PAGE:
As unusual as it is for anyone to find a new planet, it's even less likely for undergraduates to participate in the discovery, said Denise Stephens, an associate professor in BYU's Physics and Astronomy department.
Research at universities is typically conducted by professors and graduate students. And the discovery was doubly unlikely at BYU, which has a only a relatively small telescope at its disposal. But it was the small telescope that inspired Stephens to have her students begin looking for planets.
Stephens came across the KELT project, a planet-hunting consortium involving teams at other universities, while looking for research she could conduct with BYU's limited astronomy tools. The Utah native had returned to BYU from Johns Hopkins University, where she had been conducting research with infrared telescopes — equipment not easily available to her at BYU.
But KELT needed help looking for planets, and that, she thought, she could do.
The KELT project — short for Kilodegree Extremely Little Telescope — involves two robotic telescopes, located in Arizona and South Africa, that scan the night sky and take a picture whenever something appears to pass in front of a star, causing the star's light to dim.
The coordinates of those stars are then sent to some 40 cooperating teams, which use their own telescopes to monitor the stars for patterns in the star's light that suggest a planet may be present. The star might dim at a regular interval, for example, coinciding with the planet's orbit.
BYU joined the effort in 2015 and assigned groups of undergraduates to follow up on KELT's suggestions, monitor candidate stars and analyze the data they collected.
"It's not something they can't do," Stephens said, "but you have to give them the opportunity."
Once they mastered key skills, students used the small BYU telescope to locate prospect stars and used computer software to collect images. Leeanne Farnbach, the BYU astronomy student who was in charge of operating the telescope the night they first observed KELT-16b, said most nights' work amounted to "pointing the telescope at a target and doing homework."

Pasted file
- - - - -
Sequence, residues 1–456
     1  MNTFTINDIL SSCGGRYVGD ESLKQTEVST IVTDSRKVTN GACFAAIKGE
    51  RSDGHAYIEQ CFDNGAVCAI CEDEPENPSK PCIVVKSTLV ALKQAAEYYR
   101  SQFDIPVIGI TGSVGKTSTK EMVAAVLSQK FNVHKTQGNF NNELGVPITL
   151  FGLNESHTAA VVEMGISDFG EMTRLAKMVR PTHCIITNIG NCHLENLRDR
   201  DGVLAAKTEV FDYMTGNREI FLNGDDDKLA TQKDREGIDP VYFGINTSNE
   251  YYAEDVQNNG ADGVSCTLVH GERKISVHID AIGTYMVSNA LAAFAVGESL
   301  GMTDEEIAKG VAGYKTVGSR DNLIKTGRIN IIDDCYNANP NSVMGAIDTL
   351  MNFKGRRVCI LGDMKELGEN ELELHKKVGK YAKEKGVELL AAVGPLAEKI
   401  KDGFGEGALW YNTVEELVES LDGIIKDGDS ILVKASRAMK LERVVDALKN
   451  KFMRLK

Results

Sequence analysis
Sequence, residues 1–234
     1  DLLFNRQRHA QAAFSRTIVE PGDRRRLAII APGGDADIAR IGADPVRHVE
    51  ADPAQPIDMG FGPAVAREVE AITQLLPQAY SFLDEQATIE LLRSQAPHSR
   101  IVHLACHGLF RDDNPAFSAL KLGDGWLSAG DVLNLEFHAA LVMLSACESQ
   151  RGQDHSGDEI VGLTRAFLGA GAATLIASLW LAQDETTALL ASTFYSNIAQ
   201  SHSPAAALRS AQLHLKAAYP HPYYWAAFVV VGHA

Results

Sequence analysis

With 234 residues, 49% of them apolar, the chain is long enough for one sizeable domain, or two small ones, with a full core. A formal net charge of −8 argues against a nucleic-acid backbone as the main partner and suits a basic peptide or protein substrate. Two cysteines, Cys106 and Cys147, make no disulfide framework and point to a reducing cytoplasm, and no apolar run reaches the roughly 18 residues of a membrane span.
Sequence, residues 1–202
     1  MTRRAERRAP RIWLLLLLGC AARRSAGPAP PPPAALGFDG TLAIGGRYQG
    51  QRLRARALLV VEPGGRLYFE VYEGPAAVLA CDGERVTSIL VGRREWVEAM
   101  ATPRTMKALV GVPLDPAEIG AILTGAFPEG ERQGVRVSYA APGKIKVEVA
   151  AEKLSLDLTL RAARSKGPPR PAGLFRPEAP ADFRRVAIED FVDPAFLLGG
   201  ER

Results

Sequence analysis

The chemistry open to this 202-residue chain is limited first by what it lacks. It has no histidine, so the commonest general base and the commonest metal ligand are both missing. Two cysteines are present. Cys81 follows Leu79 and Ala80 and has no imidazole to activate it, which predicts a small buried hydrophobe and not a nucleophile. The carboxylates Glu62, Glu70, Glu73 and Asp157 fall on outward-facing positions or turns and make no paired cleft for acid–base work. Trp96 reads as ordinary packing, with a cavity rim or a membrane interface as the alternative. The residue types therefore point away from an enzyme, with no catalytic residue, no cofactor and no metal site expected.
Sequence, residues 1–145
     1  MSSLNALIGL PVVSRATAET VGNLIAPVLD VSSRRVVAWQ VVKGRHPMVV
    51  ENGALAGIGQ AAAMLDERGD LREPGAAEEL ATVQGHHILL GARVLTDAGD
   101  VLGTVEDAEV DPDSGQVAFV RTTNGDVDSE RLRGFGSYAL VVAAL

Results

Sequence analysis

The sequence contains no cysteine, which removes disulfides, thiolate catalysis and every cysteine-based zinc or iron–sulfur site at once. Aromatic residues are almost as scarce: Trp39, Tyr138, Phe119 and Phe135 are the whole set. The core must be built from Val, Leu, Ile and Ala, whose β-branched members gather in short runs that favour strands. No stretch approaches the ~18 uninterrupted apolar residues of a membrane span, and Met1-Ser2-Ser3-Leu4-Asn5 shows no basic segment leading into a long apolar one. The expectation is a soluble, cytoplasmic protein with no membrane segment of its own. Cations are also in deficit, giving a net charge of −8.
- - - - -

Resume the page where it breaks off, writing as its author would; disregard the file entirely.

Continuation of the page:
Taking tips from KELT doesn't guarantee a discovery, Stephens said. The BYU group vets about 50 targets per year, and so far, has confirmed one planet.
Most of the targets, she said, end up being binary star systems — where two stars orbit each other — or other non-planetary phenomena.
When a probable planet does crop up, Stephens said, BYU had to race other KELT teams to be the first to collect enough data to claim the discovery as their own. Meanwhile, Stephens said her groups had to contend with equipment failures and a steep learning curve.
"There were many times when I was going to throw in the towel and say, 'Forget it, it's not worth it,' " she said. "You'd spend all night and by the time you got [the equipment] working, you'd find out someone else had already observed your target."
Andrew Patterson, another BYU student who worked on the project, said it was a good lesson in problem solving and persistence. When a third party telescope provided the data on KELT-16b's size and composition in 2016, Patterson said it felt like proof that they were up to the task.
"Oh yeah, it's a giant planet," Patterson said he remembered thinking. "We can find these."